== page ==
My favorite chapter was on Cosmology. He points out how our cosmology (the Big Bang) is treated like a religion and quotes cosmologist Edward Harrison, "The universe in which we live, or think we live, is mostly a world of our own making. The real Universe is unknown; it is everything, and we will never know what it is in its own right, independent of our changing opinions. There are, however, universes, which are our models of the Universe, and cosmology is a study of these universes. A universe is a mask fitted on the face of the unknown Universe. Our universe is the only rational universe. Ones that came before us are mythologies. Contemporaries who disagree with our cosmology are crackpots. Cosmoslogy is a new-time religion." Those disagreeing contemporaries committ professional suicide. (As a side note, I found it interesting that instead of discussing ancient advances in cosmology, almost the whole chapter is ridiculing our current big bang theory. Again, not that I disagree, I just find it amusing. Although he mocked Stephen Hawking too--Ruff!) He does point out how similar our Big Bang theory is to Indian cosmology. Indians are very abstact thinkers, I have to say. I loved just thinking about this (from a 9th century Hindu text):
Some foolish men declare that Creator made the world....
If God created the world, where was he before creation?
If you say he was transcendent then, and needed no support, where is he now?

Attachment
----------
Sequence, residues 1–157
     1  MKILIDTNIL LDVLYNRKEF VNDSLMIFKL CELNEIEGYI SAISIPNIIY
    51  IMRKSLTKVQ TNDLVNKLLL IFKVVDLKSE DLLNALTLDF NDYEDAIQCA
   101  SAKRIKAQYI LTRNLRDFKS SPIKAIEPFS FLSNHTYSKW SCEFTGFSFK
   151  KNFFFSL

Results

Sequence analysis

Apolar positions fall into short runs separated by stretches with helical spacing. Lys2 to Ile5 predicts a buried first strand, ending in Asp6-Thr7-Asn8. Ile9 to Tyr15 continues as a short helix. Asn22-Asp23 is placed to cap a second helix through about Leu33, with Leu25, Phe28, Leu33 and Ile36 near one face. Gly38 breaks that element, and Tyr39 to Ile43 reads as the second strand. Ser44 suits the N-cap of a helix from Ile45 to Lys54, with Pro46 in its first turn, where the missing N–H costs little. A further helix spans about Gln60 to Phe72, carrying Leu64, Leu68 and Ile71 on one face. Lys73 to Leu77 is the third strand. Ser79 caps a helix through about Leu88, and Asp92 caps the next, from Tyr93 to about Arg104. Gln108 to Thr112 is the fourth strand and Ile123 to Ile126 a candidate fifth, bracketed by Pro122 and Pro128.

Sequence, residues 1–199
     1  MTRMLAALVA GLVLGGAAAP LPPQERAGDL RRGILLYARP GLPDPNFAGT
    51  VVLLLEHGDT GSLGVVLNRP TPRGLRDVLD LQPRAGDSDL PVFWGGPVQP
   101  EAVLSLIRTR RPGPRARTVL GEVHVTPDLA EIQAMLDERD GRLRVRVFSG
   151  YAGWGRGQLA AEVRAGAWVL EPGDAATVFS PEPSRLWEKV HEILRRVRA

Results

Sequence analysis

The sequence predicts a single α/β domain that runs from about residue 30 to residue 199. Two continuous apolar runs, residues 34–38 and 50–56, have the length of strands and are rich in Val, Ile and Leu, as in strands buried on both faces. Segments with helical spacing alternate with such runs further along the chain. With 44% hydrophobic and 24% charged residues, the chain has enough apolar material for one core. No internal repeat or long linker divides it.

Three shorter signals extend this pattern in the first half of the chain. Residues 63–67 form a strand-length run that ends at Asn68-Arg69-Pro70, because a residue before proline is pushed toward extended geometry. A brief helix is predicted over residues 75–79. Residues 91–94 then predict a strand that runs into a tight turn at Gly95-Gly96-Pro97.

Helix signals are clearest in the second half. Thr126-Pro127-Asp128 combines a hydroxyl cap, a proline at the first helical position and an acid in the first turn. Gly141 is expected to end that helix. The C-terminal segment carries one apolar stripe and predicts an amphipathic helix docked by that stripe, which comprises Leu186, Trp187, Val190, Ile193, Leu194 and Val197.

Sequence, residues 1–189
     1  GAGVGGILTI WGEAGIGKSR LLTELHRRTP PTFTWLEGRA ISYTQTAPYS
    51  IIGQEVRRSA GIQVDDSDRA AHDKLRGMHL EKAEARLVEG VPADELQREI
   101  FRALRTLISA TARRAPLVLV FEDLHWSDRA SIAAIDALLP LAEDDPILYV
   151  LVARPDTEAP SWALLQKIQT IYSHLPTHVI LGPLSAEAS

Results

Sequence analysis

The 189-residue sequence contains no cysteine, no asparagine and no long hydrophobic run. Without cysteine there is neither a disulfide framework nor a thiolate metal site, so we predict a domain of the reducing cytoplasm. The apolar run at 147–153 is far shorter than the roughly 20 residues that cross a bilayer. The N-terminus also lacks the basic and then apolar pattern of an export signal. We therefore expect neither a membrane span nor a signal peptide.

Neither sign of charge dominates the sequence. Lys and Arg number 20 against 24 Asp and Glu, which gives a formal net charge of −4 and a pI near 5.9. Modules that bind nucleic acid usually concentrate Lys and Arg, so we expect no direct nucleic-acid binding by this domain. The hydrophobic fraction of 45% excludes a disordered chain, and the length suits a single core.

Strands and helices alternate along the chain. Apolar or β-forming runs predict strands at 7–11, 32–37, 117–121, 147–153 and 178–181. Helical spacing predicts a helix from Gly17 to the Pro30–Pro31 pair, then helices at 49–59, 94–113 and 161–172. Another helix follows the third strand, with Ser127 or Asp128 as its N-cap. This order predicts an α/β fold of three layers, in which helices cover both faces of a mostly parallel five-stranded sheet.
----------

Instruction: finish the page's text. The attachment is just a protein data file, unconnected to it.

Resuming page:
No single being had the skill to make this world--
For how can an immaterial god create that which is material?
How could God have made the world without any raw material?
If you say he made this first, and then the world, you are faced with endless regression.
If you declare that this raw material arose naturally you fall into another fallacy.
For the whole universe might thus have been its own creator, and arisen equally naturally.
Know that the world is uncreated, as time itself is, without beginning and end....
Uncreated and indestructible, it endures under the compulsion of its own nature.
The author suggests to read the above paragraph again and substitue "Big Bang" in for God and Creator. Fun stuff. Or here's a Maori chant that he compared to an alternative theory of a plasma universe.
From the nothing the begetting
From the nothing the increase
...The power of increasing
The Living Breath;
It dwelt with the empty space,
And produced the atmosphere which is above us
...The great firmament above us dwelt with the early dawn
And the moon sprung forth;
The atmosphere above us dwelt with the heat,
And thence proceeded the sun
...Then the heavens became light.
In another chapter about physics, he talks about Zoroastrianism (the Babylonian religion), and how their physics interprets light and darkness not only as physical but also as God is light literally, and the Devil is darkness, literally. From that came another belief system where two opposing brothers suggest a theory of matter and energy. Where the one brother makes a world of pure light, and then later a second world that was material in nature. The material world was conquered by his evil brother, thus all physical existence became a mixture of good and evil, light and darkness. Anyway, that whole chapter was intereting too. Again, the Indians, have a complex way of looking at the universe, but so often it ties right into what scientists now believe (like the string theory, and quantum physics.) Fascinating.
Now I really need to go do the breakfast dishes as it is almost noon and time for lunch. Ouch.